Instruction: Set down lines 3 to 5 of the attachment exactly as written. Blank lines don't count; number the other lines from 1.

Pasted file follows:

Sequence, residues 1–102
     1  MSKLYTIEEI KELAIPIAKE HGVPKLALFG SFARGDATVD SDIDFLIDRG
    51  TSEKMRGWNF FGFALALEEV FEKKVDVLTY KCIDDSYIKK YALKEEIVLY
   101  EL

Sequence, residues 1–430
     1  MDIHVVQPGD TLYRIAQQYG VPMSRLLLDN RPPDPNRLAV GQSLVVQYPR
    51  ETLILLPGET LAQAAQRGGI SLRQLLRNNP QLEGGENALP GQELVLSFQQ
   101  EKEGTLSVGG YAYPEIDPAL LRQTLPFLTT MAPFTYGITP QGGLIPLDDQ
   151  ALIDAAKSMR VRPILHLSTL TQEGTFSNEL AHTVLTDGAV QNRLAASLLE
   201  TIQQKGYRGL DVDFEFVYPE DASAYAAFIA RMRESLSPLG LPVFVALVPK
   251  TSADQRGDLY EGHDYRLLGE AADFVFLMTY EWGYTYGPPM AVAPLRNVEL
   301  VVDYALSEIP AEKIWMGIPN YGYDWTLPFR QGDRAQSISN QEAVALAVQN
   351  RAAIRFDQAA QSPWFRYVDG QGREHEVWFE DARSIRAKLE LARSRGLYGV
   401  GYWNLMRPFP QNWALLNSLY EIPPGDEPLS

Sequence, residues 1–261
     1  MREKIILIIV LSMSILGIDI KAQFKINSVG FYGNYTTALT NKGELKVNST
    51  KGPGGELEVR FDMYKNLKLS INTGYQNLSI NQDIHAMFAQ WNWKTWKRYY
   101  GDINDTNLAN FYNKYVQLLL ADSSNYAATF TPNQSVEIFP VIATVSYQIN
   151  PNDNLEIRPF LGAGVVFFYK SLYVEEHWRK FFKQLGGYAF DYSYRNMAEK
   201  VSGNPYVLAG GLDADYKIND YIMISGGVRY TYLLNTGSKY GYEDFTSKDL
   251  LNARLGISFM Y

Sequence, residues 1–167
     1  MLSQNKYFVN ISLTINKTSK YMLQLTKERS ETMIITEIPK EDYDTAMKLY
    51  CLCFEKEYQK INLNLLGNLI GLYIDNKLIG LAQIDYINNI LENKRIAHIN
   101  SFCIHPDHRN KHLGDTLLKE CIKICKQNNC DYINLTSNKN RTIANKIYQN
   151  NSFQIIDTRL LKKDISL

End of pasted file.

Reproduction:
    51  TSEKMRGWNF FGFALALEEV FEKKVDVLTY KCIDDSYIKK YALKEEIVLY
   101  EL

Sequence, residues 1–430